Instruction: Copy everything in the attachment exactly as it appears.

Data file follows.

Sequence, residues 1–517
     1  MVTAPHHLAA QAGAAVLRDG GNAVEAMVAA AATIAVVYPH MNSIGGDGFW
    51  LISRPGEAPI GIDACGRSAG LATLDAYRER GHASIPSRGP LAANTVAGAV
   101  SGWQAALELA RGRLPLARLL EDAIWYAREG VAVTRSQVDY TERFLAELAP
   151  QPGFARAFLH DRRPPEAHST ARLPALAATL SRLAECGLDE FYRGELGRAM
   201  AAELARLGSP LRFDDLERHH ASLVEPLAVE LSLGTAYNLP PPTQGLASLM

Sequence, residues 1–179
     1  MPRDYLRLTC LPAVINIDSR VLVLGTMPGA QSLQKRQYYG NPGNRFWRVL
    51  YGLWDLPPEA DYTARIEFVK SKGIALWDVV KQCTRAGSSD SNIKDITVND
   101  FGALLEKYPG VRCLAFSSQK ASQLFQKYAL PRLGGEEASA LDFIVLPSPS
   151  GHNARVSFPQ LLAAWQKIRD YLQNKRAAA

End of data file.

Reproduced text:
Sequence, residues 1–517
     1  MVTAPHHLAA QAGAAVLRDG GNAVEAMVAA AATIAVVYPH MNSIGGDGFW
    51  LISRPGEAPI GIDACGRSAG LATLDAYRER GHASIPSRGP LAANTVAGAV
   101  SGWQAALELA RGRLPLARLL EDAIWYAREG VAVTRSQVDY TERFLAELAP
   151  QPGFARAFLH DRRPPEAHST ARLPALAATL SRLAECGLDE FYRGELGRAM
   201  AAELARLGSP LRFDDLERHH ASLVEPLAVE LSLGTAYNLP PPTQGLASLM

Sequence, residues 1–179
     1  MPRDYLRLTC LPAVINIDSR VLVLGTMPGA QSLQKRQYYG NPGNRFWRVL
    51  YGLWDLPPEA DYTARIEFVK SKGIALWDVV KQCTRAGSSD SNIKDITVND
   101  FGALLEKYPG VRCLAFSSQK ASQLFQKYAL PRLGGEEASA LDFIVLPSPS
   151  GHNARVSFPQ LLAAWQKIRD YLQNKRAAA